What parent has not been accused of being unfair? What teacher hasn’t heard the same accusation? Parents and teachers are frequently accused of being unfair by their children or students. Unfortunately, their accusations are often correct. Life is not always fair and people aren’t always fair. Our children’s sense of justice has been violated in some way. Sometimes, their perception of justice might be slightly flawed. In a child’s mind, a decision is seen to be fair if things go the way he/she wants. However, if things don’t turn out the desired way, that’s definitely not fair. Realistically we adults often aren’t much different are we? Like children, our expectation is that good should be rewarded and bad punished. We know that’s not always the way things turn out though.
Why is one child born into a loving family and yet another born into a highly dysfunctional one? None of us feel it’s fair when we hear of a child suffering serious disease or injury or dying. Children are not supposed to suffer or die before their parents do, and yet they do sometimes. Innocent people are injured in accidents and frequently the perpetrators are let go free. That’s not fair either. Unfairness has always been a part of human history.
Life is unpredictable and we can’t always choose what happens to us. Dwelling on unfairness does not make things fair, but often keeps us focused on the problem rather than a solution. As parents, we want to help our children grow into well-functioning adults and part of this includes teaching them to manage these tricky situations. Ask your child what is unfair about the situation. Acknowledge that and listen to their feelings. Often they just want to be heard. Help them recognize the problem and discuss together if there’s anything that can be done about it. If there is, what? What steps could be taken and how and when might that happen? But, what about those situations that are out of their control? (2020 has certainly been a year where we’ve all experienced that!) Acknowledging how they feel is important and then encouraging them to focus on what can be controlled. They may feel powerless about a situation, but they can control their attitude, actions and expectations. It’s important to focus on what can be changed, and accepting what can’t.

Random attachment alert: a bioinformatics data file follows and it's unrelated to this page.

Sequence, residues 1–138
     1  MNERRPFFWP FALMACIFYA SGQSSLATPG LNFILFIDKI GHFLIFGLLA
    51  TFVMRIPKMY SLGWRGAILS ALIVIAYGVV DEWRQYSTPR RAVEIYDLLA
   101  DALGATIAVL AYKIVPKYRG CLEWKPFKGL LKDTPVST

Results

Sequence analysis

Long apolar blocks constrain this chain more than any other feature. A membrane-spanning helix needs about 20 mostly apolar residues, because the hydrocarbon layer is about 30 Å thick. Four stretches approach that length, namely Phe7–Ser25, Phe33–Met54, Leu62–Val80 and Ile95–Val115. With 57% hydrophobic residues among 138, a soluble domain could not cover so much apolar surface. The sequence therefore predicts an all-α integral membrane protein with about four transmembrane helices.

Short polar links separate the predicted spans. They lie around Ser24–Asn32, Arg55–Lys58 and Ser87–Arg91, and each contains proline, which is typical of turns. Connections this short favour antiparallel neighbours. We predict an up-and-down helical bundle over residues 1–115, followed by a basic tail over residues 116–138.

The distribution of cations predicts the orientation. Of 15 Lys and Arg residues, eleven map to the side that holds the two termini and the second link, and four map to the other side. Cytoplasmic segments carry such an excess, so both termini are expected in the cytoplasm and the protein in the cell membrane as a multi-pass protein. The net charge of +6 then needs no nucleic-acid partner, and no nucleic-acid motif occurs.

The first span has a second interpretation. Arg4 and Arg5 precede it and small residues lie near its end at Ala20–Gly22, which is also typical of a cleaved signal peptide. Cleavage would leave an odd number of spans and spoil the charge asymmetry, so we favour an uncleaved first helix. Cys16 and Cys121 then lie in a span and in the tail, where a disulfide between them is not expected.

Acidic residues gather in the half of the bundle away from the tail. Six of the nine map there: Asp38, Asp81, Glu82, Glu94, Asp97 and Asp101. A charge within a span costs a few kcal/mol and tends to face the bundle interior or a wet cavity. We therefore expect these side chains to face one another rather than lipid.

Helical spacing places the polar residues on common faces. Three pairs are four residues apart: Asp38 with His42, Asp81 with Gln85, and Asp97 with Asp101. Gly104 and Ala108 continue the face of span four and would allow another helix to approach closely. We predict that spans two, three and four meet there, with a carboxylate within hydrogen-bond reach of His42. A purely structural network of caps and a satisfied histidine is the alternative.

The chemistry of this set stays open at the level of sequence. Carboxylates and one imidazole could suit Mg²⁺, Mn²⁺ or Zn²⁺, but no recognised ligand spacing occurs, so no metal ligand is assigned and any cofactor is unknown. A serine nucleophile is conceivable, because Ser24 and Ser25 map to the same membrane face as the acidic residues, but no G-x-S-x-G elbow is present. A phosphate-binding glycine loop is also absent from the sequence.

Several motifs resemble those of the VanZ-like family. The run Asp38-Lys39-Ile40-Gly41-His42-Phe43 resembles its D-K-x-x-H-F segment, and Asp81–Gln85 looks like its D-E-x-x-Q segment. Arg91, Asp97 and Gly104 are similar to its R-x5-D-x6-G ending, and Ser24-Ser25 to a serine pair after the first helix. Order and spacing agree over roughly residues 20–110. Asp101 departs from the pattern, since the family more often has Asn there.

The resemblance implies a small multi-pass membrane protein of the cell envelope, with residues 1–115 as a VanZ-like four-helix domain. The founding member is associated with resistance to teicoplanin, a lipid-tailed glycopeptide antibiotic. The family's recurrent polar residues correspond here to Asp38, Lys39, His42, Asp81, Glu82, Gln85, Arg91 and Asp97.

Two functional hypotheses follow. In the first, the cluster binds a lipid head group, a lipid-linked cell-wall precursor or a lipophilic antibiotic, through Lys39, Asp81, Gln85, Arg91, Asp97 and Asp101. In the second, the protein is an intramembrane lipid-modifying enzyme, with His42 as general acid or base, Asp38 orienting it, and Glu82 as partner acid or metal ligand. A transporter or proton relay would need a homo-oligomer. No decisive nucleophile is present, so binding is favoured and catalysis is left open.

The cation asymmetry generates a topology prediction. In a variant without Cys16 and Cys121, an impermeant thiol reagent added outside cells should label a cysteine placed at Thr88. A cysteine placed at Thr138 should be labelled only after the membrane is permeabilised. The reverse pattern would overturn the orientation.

As parents, we often want to fix things for our children. The way a person responds to challenges provide opportunities for growth. Do we want to deprive our children of this? (Obviously if there’s a situation where a child is facing harm in any way, that’s different – I’m talking about the more common day to day life issues.) As I so often mention, our example is their biggest teacher. Is your attitude one of “Why me?” or is it “Why not me?”
Last night as I was reading a devotional book*, I was struck by the greatest injustice of all time – Jesus’ death on the cross for each of us. Was that fair? He’d never done a wrong in His life. Did He deserve that? Absolutely not and yet because of His love for us, He allowed it to happen. We’re the ones who deserved to be there, but He took the punishment, so we would have the opportunity to live in God’s Presence.
* A Violent Grace: Meeting Christ at the Cross (Michael Card).